A humourous take on a serious issue

A humourous take on a serious issue

A humourous take on a serious issue
Many were left dismayed at the Supreme Court’s order, that came out last December, about gay relationships being abnormal and punishable. 

But having a humourous yet sensitive take on the same is a hard task and that’s what Underdog Entertainment’s ‘Love, Sex & Section 377’, staged at the Rangoli Art Centre recently, did.
‘Love, Sex & Section 377’ was a satire on the judgement that illegalised sexual intercourse of same sex couples. 

It was a comical take on this order and narrated how the world would be adversely affected by this decision.

The play started off with a guy trying to strike a conversation with a girl in vain.

It went on to show the girl instantly getting along with a gay man as a result of which, straight men start hating the gay fraternity. 
The play portrayed funny situations like if gays were allowed to co-exist with straight people, the fashion industry would be affected, snapping wouldn’t be fashionable anymore and dancing would become boring. 

It also highlighted the irony of the judgement in a country where rape is brushed off.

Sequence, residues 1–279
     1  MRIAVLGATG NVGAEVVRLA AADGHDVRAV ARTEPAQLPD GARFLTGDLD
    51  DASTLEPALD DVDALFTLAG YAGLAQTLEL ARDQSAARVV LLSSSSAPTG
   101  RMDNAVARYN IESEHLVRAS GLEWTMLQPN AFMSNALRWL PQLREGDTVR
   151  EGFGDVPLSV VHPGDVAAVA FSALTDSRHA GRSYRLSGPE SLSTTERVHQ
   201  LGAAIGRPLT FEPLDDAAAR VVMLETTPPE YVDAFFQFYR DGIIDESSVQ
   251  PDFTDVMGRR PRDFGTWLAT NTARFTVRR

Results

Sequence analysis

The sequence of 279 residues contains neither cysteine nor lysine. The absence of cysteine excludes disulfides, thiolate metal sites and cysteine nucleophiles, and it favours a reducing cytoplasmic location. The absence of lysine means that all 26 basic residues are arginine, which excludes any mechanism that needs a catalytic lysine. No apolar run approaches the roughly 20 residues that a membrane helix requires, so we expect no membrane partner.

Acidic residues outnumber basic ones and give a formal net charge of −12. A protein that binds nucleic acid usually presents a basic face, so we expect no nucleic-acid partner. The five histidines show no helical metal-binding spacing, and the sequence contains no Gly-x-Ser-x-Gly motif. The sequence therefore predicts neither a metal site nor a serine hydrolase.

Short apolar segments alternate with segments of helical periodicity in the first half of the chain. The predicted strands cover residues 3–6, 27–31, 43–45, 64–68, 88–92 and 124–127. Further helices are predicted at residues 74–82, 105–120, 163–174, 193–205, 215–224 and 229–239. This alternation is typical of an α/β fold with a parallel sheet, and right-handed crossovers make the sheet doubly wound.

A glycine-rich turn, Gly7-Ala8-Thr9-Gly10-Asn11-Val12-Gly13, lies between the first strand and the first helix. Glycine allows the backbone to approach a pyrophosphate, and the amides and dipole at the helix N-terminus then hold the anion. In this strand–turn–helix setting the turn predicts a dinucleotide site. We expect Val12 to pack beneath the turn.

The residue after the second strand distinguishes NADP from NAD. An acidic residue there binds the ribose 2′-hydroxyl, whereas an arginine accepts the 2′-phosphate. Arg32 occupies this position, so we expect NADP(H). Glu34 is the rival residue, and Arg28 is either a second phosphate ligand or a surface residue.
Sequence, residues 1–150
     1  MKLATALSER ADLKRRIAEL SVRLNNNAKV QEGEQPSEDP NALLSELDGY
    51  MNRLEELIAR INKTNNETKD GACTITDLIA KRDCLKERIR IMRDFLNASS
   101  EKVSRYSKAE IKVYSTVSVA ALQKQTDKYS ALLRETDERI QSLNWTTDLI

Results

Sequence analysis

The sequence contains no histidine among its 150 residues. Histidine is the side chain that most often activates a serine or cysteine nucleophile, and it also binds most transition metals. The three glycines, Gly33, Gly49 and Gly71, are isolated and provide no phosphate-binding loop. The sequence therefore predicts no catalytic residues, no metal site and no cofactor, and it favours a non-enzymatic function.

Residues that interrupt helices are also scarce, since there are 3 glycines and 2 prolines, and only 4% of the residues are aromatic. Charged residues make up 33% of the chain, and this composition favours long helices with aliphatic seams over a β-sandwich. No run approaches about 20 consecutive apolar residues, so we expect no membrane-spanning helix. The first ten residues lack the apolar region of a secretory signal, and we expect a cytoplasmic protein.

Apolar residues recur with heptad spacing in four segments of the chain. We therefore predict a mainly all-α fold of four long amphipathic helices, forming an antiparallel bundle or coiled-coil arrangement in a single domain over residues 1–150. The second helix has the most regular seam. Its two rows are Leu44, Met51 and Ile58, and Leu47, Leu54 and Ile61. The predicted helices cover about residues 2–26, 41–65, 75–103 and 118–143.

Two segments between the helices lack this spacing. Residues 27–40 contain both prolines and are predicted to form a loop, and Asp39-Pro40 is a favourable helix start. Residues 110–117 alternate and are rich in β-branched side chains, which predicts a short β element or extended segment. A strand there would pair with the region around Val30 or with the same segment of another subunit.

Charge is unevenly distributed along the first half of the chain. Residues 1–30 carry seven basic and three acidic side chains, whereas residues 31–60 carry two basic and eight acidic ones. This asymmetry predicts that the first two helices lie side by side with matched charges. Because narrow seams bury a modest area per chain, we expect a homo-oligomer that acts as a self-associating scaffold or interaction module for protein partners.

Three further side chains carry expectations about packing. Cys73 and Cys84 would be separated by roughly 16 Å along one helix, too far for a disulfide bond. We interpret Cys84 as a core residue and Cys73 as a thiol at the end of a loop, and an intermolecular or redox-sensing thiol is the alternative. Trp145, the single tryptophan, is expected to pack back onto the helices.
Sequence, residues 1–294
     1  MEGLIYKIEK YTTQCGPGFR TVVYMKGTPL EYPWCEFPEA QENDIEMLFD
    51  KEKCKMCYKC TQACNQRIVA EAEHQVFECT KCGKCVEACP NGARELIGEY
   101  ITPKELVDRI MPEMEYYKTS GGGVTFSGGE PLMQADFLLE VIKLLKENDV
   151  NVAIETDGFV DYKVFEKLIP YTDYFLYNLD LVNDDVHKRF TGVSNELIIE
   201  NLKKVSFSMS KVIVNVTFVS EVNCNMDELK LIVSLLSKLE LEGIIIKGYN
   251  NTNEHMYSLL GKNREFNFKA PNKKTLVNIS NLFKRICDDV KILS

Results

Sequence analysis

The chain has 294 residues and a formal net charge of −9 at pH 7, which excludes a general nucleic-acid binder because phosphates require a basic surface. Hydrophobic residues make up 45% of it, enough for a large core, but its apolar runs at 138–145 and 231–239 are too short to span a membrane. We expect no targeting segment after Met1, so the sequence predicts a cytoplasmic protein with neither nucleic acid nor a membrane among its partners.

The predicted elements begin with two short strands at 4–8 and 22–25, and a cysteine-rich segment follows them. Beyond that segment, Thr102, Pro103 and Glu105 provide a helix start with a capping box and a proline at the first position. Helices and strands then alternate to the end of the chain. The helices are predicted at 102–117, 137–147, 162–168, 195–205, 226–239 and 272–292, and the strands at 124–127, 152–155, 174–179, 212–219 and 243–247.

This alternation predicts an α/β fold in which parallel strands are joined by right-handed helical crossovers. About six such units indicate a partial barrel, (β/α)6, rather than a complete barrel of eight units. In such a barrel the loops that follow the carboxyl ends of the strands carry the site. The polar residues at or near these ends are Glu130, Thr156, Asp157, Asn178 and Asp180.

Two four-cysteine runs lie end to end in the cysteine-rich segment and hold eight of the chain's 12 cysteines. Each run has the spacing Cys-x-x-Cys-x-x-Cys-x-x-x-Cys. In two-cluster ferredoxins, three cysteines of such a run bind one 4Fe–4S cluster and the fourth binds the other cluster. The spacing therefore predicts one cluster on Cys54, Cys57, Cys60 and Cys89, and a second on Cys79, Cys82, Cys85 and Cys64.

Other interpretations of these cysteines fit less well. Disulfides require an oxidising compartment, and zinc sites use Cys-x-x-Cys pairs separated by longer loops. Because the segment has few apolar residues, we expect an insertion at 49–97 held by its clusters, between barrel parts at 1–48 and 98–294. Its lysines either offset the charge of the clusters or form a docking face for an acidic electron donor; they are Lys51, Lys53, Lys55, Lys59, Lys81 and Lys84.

The lively performance had the actors involving the audience in between. Chaitanya, the director of the play, said that the play was initially performed in Hyderabad. 

“It was first performed in front of an LGBT crowd and thus, when we brought it here for the public, I was a bit nervous. But the crowd’s response was very positive and exceeded my expectations,” he said.
The impressed audience were at a loss of words to express their appreciation. Amrita Gurmeet said that fusing humour into such a serious issue was a difficult task and that the actors and director had done a good job.
“This play proved that no elaborate sets or props are required to make an impact on the 
audience. The performance was extremely powerful,” she said. 

Amrita also added that since she had watched a few of their plays earlier, she was sure that this play would live up to her expectations.
Karan Sanghvi, another member of the audience, said that he was excited to see more and more straight people attending such events and extending their support to gay people.

 “Just like how we don’t want to be discriminated on the basis of our surnames, caste or religion, no one should be discriminated on the basis of sexuality. I still can’t understand how some things are defined as normal. We wake up to newspapers full of reports about people sexually harassing children in their own family, son killing father, scams and other crimes — if all this is normal, how is sexuality ‘abnormal’,” he asked. 

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